He bit his lip. “You’re probably right.” It almost made sense, Rick thought. If he started seeing her every day, it wouldn’t be long before he did something stupid, made a remark or gesture that would invite disgust or desire. He wasn’t sure which would be worse.
Bonnie held out her hand with her pinky finger extended. “To Umbra then? As friends?”
Rick hesitated, but eventually wrapped his pinky around hers. “Friends.”
– – –
The Eighty Express was a much more modern train than the one that had brought them from the suburbs into downtown Sacramento. Instead of the old-style steel tracks, the Eighty used magnetic levitation to float above the white railing. It was a smoother ride, but without the usual rocking, it just didn’t feel familiar. Were it not for the large observation dome in the middle of the train, Rick would have had a hard time noticing that they were moving at all. He guessed it was probably the same reaction older generations had to the inductive elevator. The doors close, you wait a few seconds, and when they reopen, you’re somewhere else. Transparent technology, he had explained to Bonnie, was the most invasive and dangerous kind there was. It was a part of everyone’s daily life, but they never knew it was there until it wasn’t.
They stepped off the train in unison at the Umbra Terminus and Rick was surprised to see such a high-tech station for a micro-city stuck between two sprawling metropolises. He didn’t think this place would get so much traffic, not when most people continued on the line to end up in San Francisco or what remained of Oakland. For a moment, he was tempted to suggest they just split for the coast, but one look at his button-up and slacks told him he was overdressed for the beach.
“You want to get a locker?” asked Bonnie.
He looked at her, puzzled for a moment.
“For your stuff. I don’t want to carry this bag around everywhere, and I don’t know if I want people getting the wrong idea about us when they see you walking around with a bag full of light bulbs, even if they are LED.”
“Good idea,” said Rick. He followed her to a bank of lockers in the main terminus and after they had stowed their belongings, they took a curved set of stairs down to street level. The signage in the thoroughfare was overwhelming, a mixture of LED and neon that stung the eyes even in the mid-morning sun. They offered everything from bootleg enhancements to code cards filled with any kind of pornography imaginable. Rick tried not to stare too intently at the holographic images of partly and completely naked women. After all, those weren’t real. What was real was the hand wrapped inside his elbow, one that tugged at him when it wanted attention.
“This is one of my favorite spots,” said Bonnie, pointing to a banner that read Parlour.
“What is it?”
“They do interactives, like movies you get to be in. What do you think?”
“Why not?” he replied. “It’s French, so it must be fancy.”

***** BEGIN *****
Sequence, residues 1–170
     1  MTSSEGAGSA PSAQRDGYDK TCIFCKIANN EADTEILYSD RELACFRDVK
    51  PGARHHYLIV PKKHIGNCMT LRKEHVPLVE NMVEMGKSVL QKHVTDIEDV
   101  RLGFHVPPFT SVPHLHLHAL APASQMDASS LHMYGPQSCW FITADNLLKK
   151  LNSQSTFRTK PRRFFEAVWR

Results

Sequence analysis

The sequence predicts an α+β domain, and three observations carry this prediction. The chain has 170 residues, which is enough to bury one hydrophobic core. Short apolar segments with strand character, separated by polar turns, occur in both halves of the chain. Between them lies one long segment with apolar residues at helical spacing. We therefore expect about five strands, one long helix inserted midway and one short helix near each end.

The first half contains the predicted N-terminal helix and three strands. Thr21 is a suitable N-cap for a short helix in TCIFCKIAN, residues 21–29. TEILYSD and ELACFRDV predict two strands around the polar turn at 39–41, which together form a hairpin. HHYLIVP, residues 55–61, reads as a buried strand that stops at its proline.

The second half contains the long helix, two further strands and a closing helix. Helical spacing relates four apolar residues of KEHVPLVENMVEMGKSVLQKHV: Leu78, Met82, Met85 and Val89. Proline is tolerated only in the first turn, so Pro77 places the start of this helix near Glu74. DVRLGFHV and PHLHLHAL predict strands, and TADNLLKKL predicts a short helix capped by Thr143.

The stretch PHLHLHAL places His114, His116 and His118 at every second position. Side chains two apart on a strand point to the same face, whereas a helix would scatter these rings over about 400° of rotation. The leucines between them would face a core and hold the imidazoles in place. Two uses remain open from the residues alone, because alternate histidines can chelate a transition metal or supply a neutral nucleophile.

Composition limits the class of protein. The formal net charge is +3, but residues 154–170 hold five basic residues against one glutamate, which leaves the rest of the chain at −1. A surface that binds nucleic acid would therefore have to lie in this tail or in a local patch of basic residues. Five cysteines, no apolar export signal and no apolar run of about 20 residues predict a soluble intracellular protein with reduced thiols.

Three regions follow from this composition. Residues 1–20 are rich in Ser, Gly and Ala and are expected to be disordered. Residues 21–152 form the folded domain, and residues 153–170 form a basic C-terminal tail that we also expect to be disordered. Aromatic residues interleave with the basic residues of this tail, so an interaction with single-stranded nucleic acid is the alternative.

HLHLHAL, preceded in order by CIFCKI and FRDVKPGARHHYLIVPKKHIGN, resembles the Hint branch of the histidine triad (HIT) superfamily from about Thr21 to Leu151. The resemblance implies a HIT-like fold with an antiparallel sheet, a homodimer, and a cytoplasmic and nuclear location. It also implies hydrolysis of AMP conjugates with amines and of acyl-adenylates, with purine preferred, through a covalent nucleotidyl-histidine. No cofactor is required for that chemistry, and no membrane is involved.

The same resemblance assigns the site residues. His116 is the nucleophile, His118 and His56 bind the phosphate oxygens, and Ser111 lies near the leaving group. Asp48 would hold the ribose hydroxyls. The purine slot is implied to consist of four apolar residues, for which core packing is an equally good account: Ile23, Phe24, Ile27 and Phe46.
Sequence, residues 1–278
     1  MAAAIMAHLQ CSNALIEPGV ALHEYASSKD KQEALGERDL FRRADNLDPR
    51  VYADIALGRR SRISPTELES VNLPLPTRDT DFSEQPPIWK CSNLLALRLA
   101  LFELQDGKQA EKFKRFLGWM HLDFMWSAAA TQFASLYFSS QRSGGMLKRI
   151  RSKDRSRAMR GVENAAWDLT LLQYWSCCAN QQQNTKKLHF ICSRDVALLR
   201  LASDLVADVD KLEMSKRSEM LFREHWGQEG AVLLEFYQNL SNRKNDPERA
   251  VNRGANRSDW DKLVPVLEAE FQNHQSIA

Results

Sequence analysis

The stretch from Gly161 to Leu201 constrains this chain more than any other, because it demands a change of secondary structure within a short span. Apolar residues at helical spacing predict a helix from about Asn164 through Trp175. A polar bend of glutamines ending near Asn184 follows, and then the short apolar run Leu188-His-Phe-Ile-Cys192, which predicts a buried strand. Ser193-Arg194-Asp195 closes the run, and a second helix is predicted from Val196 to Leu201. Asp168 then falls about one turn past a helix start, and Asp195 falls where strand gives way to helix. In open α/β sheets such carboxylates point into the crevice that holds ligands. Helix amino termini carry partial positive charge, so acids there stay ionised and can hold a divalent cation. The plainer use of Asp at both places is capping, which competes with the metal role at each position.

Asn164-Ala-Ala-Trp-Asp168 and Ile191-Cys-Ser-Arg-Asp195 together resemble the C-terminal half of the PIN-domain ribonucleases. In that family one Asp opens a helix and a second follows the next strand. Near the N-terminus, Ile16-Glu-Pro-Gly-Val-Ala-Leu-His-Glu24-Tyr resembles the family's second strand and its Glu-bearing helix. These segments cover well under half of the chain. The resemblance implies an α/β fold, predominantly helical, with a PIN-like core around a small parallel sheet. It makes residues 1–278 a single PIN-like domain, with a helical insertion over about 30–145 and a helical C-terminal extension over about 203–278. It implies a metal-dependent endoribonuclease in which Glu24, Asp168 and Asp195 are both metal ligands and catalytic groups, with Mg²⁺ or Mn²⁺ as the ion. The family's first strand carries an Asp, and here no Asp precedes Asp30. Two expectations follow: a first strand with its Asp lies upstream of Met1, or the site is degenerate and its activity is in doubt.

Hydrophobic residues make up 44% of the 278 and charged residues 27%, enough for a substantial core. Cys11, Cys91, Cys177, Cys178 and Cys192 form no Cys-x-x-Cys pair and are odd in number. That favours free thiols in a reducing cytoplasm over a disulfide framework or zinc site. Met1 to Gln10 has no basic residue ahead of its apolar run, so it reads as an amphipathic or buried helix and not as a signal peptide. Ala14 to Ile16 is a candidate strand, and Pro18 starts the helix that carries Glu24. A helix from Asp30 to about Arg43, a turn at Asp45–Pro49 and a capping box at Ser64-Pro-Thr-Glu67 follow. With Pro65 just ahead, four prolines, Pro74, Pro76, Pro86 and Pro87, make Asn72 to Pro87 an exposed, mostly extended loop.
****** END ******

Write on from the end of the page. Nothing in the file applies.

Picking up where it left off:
Just inside the door was an anteroom with walls filled from floor to ceiling with image grids. Each little square cycled through its own set of moving pictures, advertising experiences ranging from drama to horror to foreign. He stopped momentarily in front of a Japanese section, entranced by the image of a sullen-faced toddler with his mouth agape. As he reached out for the cover, the loud whine of a cat filled the room. He drew back quickly.
Bonnie laughed. “Oh no, those are too scary. And all the characters speak in Japanese.”
“I know, right? They say it’s to preserve the heritage of their homeland. Personally, I think they’d get a lot more exposure if they put in subtitles.” She pulled him to the other side of the room. “Let’s look at new releases.”
Rick scanned the covers, but most of them were geared towards the action-adventure instead of the comedy he preferred. Violence didn’t seem to do it for him, especially when it was intertwined with sex. Comedies, on the other hand, were the perfect vehicles for topless girls. They just seemed to go together. Rick chuckled at his wandering mind. He told himself to keep it together and not go all grandpa on this girl. She probably didn’t realize how old he really was. If he kept his mouth shut and kept the dementia to a minimum, they might get through the whole day without her finding out.
“The Dawn of VNet,” said Bonnie, her voice distant. Her eyes were locked on a grid with a flashing border and scrolling numerals. “The true story of the fall of the free Net and the rise of Vinestead.” She bit her lip in thought, continued reading the hype card. “The infinity between one and zero? What does that even mean?” She turned to him. “Are you up for a little anti-Vinestead propaganda?”
“A love story like no other,” he read. “It’s a romance movie?”
“I guess you’re not into the chick flicks, are ya?”
The image of a bullet tearing through shiny leather flashed on the cell and then zoomed and dissolved into a massive bamboo forest. “It doesn’t look like a chick flick,” he observed.
Bonnie smiled and pointed to the static movie cover in the lower corner. “Look at that. See those ones and zeros? It’s a binary message.”
Rick moved closer and squinted. “Can you read binary on the fly?”